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I am trying to extract a ZIP file in Java which was created on a Mac using the built-in archive functionality of the Finder. As the ZIP file contains an application bundle, it is important to retain the Unix file permissions, especially the executable flag.

When extracting the ZIP file using the Finder, the permissions are retained. So I know they're stored somewhere in there.

Now my question is: how does macOS store Unix file permissions in ZIP files? Unfortunately I could not find any information about this on the net.

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The permissions are stored in the same manner as they are on other Unixoid systems, such as for example Linux.

If you look at the central directory header in the zip-file, you have for each file stored in the Zip-file a field called "external file attributes". The field is at byte 36 in the header and is 4 bytes long.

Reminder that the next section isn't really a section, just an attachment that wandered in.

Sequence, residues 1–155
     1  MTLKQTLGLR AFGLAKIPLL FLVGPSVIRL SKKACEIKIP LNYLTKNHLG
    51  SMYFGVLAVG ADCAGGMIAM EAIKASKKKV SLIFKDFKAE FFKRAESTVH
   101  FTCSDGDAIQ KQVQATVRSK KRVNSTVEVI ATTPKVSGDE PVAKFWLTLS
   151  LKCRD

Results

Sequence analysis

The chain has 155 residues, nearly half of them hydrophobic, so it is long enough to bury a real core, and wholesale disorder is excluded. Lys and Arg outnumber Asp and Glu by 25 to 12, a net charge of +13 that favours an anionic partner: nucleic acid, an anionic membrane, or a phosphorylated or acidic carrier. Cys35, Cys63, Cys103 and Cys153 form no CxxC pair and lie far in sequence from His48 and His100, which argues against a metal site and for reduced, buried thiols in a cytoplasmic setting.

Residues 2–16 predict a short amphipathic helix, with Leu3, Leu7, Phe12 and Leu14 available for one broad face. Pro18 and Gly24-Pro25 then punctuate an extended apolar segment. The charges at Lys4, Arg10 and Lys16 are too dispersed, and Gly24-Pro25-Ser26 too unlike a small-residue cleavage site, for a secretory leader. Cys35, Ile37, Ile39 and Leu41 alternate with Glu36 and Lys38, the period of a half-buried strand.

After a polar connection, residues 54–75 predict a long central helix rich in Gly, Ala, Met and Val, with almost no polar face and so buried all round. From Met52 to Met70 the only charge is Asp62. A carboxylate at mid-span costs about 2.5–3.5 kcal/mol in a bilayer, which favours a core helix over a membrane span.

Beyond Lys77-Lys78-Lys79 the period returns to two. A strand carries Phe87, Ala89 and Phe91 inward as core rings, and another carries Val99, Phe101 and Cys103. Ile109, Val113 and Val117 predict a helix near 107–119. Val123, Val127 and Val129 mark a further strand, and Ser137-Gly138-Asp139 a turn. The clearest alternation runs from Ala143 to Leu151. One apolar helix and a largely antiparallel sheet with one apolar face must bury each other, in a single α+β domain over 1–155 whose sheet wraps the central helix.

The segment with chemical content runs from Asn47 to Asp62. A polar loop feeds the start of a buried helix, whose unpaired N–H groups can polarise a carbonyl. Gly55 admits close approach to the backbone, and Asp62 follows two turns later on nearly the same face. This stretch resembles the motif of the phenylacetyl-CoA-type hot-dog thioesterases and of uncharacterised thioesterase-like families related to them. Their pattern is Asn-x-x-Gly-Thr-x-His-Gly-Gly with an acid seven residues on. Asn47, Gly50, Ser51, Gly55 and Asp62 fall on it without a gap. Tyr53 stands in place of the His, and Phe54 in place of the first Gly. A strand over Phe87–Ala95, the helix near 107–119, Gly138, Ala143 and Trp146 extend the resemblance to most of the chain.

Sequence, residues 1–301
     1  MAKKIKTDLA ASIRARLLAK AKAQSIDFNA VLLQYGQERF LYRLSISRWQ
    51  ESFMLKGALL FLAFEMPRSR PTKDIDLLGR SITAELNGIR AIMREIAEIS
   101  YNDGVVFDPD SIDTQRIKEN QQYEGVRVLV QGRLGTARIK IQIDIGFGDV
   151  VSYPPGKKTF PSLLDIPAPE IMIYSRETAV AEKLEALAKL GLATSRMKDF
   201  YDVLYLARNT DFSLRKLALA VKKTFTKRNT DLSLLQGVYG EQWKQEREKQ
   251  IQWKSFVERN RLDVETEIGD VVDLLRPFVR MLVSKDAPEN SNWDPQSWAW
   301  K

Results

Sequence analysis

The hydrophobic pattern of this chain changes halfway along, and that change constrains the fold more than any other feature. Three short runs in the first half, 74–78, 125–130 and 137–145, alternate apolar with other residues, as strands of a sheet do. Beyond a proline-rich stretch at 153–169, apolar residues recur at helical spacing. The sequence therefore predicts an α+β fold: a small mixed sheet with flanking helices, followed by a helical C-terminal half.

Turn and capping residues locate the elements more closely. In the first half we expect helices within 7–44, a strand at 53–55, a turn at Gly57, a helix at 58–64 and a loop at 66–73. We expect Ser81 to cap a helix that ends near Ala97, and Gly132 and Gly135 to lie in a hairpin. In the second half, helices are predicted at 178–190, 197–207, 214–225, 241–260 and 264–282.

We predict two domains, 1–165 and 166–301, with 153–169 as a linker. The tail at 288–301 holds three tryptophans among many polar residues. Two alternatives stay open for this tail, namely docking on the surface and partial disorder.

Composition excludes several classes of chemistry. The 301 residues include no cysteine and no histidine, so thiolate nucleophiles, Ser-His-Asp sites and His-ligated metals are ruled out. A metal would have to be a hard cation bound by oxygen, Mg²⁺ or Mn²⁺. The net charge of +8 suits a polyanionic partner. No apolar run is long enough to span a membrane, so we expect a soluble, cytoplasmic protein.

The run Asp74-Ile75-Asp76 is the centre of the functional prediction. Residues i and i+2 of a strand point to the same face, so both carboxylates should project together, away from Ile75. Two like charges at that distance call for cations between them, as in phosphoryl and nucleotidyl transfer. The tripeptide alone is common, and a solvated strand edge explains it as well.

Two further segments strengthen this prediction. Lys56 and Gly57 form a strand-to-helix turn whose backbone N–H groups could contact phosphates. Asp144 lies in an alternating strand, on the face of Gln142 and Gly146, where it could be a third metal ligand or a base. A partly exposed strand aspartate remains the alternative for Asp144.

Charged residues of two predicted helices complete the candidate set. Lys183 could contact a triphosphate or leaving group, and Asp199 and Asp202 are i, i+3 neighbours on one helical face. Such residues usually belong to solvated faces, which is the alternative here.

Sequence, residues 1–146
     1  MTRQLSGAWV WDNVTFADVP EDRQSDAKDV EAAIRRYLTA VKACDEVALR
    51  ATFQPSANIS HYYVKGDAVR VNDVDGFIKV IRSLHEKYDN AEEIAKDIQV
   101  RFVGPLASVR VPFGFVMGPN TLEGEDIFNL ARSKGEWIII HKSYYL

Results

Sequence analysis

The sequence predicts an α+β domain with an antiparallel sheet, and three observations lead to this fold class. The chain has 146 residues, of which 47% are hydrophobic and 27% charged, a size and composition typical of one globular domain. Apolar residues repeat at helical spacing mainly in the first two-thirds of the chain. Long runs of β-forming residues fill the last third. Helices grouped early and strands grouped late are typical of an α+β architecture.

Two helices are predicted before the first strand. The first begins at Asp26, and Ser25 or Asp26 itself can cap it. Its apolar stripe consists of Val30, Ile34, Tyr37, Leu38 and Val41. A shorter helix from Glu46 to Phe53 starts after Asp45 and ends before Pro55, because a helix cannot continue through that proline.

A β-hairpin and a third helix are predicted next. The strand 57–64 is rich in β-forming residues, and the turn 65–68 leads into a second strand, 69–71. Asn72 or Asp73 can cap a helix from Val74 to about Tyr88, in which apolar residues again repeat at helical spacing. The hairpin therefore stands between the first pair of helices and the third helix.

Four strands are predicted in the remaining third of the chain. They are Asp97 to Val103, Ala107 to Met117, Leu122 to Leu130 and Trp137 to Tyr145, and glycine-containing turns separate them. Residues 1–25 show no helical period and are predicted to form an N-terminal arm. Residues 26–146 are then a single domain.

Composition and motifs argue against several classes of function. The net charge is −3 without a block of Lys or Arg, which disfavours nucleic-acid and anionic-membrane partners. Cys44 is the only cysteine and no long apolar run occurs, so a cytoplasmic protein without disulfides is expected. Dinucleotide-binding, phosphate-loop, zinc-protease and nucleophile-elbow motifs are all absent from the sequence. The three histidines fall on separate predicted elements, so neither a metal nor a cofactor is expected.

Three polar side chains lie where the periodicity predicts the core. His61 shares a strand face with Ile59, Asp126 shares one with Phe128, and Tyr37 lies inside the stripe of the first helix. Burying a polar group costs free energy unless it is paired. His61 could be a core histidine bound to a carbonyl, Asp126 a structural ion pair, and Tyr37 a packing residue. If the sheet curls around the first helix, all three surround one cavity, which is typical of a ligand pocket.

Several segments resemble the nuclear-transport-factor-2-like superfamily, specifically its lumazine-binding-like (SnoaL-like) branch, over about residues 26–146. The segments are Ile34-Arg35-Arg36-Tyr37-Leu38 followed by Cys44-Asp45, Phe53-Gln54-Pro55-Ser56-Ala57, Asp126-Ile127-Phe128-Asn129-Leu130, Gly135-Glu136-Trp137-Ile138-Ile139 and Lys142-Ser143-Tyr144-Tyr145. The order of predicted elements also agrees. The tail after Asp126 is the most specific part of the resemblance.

The two last bytes in that field contains the file permissions on macOS - to be precise it is the last 9 bits (the least significant 9 bits). Their meaning is just like traditional Unix file permissions.

  • @bmike Regarding your edit: It is not mandatory to save permissions in ZIP-files - Finder does not provide a user interface for this, but other utilities make it optional. The permission encoding is actually not in the original Zip-standard. Also the ACLs are not stored in ZIP-files (neither on Linux), so they aren't relevant to ZIP-files. – jksoegaard Jul 6 '18 at 12:45
  • You're right, the extended attributes field contains the permissions. Thanks for the hint! – Oliver Matuschin Jul 6 '18 at 17:55

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